We’re delighted to welcome one of the most exciting punk acts on the scene right now: Priests are bringing the fire to Ramsgate on November 3rd!
First heralded as post-punk heroes, Priests are now much more than that: They’re post-genre saviours bringing vital discourse and sharp observations to the table, still preaching the punk gospel along the way.
“Both poppy and heady, intelligent and reckless, and sometimes bordering on absurdist… Priests are punk’s resident anthropologists” – Paste Magazine
What is at stake in the seduction of Kansas? Like a gavel or hammer, the question rattles across the second LP from Washington, D.C. rock iconoclasts Priests: The Seduction of Kansas. Seduction evokes pleasure, sex. Divorced from romance, seduction is a tactic of manipulation, a ploy in the politics of persuasion. Kansas is a compass. The title—like Priests—is a moving target, probing questions about the realities and mythologies of America in 2019 without giving in to easy answers.
Entering their eighth year as a band, Priests—Daniele, vocalist Katie Alice Greer, and guitarist G.L. Jaguar—remain an inspired anomaly in modern music. A band on its own label, Sister Polygon Records—jolting the greater music world with early releases by Downtown Boys, Snail Mail, Sneaks, and Gauche—they are living proof that it is still possible to work on one’s own terms, to collectively cultivate one’s own world. Bred in punk, Priests play rock’n’roll that is as intellectually sharp as it is focused on pop’s thrilling pleasure centers, that is topical without sloganeering.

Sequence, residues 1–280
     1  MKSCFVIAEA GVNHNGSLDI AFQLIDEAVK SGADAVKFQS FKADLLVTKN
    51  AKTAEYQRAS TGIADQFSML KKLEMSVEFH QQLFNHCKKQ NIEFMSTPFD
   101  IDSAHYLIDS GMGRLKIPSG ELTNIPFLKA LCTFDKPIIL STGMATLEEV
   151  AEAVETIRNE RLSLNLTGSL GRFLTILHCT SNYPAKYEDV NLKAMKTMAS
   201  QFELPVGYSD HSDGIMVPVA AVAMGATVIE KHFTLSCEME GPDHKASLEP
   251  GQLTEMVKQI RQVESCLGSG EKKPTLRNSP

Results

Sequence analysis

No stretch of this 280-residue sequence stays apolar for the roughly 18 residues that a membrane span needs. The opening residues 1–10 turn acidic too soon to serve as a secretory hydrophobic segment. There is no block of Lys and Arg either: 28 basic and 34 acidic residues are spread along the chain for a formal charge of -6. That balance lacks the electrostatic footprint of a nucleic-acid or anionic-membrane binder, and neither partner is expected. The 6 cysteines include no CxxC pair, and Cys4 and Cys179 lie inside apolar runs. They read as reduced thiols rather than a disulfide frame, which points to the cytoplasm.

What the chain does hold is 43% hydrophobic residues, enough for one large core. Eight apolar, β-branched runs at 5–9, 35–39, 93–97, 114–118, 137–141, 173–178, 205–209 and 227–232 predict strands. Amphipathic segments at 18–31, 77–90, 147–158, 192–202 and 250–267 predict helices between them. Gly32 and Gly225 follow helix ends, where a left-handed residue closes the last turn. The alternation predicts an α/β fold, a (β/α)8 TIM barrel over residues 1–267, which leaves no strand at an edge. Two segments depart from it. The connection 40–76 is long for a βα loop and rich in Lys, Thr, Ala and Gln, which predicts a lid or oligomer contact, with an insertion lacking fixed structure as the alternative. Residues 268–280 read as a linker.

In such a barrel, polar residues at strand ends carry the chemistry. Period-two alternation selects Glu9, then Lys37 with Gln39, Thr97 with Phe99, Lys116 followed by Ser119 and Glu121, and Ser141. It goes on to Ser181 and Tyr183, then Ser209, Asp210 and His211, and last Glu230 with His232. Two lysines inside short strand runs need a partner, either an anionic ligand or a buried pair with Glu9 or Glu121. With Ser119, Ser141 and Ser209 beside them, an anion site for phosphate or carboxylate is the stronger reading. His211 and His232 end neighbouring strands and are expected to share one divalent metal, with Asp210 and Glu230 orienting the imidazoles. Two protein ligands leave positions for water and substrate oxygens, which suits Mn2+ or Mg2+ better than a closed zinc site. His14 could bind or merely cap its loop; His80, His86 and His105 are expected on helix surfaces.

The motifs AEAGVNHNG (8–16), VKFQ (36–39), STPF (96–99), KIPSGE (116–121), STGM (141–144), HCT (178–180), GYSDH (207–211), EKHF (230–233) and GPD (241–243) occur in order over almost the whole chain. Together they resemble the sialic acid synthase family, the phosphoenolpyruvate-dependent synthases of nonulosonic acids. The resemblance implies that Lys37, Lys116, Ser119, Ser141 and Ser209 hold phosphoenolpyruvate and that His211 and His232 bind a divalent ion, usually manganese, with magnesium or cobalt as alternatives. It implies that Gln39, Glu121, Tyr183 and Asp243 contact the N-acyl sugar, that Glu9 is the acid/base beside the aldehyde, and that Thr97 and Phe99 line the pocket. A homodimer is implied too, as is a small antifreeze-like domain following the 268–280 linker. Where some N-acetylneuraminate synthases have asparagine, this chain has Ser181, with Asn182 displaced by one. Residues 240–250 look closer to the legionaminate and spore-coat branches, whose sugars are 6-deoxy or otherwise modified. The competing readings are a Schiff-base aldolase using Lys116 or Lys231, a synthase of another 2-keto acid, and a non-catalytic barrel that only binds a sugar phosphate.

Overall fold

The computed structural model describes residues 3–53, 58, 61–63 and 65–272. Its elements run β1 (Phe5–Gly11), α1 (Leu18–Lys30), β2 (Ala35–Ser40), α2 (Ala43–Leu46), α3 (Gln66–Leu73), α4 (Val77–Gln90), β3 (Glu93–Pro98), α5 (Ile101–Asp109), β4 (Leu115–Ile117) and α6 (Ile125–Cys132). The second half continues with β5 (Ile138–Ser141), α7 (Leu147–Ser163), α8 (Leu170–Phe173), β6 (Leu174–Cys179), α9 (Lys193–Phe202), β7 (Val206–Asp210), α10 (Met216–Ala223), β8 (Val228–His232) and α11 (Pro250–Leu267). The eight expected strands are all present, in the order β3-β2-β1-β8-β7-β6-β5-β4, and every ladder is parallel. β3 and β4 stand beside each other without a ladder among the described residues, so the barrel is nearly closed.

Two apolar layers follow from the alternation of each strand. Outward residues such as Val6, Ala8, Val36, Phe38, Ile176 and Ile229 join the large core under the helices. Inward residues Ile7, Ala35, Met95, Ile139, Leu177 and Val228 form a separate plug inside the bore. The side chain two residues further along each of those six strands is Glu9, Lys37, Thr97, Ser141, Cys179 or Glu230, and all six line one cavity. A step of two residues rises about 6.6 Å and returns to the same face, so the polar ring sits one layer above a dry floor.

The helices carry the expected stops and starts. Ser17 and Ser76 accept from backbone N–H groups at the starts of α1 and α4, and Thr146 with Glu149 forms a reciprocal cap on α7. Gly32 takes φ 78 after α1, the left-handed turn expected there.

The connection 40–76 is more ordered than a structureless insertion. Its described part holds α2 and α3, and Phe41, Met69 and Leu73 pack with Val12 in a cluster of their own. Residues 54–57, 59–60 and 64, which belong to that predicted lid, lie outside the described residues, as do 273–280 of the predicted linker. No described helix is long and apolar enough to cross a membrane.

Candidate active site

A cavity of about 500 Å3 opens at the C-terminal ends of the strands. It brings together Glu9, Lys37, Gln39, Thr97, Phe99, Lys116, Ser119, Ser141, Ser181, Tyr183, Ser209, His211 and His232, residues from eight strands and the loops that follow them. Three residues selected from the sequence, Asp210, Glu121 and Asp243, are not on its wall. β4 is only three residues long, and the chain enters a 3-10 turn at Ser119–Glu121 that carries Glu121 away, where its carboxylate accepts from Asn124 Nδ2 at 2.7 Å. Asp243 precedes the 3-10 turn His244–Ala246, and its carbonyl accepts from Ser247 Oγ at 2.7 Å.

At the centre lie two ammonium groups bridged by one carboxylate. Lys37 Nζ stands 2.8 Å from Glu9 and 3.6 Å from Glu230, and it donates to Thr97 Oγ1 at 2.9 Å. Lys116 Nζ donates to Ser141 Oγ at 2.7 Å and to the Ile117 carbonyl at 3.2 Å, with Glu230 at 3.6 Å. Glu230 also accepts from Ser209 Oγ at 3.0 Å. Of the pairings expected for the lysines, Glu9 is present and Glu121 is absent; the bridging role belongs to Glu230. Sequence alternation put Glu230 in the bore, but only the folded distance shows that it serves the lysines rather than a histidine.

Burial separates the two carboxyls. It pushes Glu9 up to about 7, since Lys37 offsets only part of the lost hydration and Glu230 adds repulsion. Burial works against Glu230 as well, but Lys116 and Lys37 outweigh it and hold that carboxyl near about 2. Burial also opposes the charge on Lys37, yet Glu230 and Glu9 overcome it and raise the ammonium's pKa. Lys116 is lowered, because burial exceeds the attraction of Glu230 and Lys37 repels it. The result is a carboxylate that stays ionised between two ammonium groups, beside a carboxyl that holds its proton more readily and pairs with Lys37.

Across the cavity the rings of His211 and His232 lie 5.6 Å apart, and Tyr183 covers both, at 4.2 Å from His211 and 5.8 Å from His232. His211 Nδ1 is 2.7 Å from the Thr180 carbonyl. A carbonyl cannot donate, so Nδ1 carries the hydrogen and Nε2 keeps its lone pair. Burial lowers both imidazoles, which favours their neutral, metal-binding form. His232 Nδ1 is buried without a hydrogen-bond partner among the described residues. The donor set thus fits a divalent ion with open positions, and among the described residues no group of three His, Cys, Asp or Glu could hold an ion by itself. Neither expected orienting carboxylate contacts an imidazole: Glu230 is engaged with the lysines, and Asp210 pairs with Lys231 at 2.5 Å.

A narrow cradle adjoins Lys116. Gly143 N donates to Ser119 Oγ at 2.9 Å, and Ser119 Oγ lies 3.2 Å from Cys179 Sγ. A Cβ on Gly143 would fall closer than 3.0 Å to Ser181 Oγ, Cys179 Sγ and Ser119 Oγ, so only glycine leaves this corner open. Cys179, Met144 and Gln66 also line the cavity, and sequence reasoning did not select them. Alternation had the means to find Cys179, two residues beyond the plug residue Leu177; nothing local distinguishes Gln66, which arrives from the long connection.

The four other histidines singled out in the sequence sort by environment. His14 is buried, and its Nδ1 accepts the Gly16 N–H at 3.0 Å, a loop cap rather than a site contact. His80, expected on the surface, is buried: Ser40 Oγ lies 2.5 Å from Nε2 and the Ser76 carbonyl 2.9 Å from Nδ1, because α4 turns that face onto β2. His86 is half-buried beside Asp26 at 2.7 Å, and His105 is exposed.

With nothing to lose, Priests took risks with their new recoed: leaning into a realm of greater poetic license, of surrealism, menace, and pleasure. Jaguar reimagined his guitar playing, inspired by Bowie’s Berlin trilogy and his late-1970s guitarists like Carlos Alomar, Adrian Belew, and Robert Fripp. Greer embraced lyrics “that felt intuitively fun and good” and tried to shed anxieties about being misunderstood. Daniele moved towards more easeful rhythms, contributes a spoken-word interlude, and sings three songs. Meditating on the U.S., they arrived at sinister themes, sketching out characters who acknowledge their power over others, and questioning (sometimes by virtue of ignoring) why it sometimes feels good to be bad.
“A rich diorama of stinging guitar, funk, yearning indie pop, and jazz; there hasn’t been a punk debut this certain and poised since Savages’ Silence Yourself” – Pitchfork
“Priests ride a doom-surf squall into the darkest depths of human fucked-up-ness” – Rolling Stone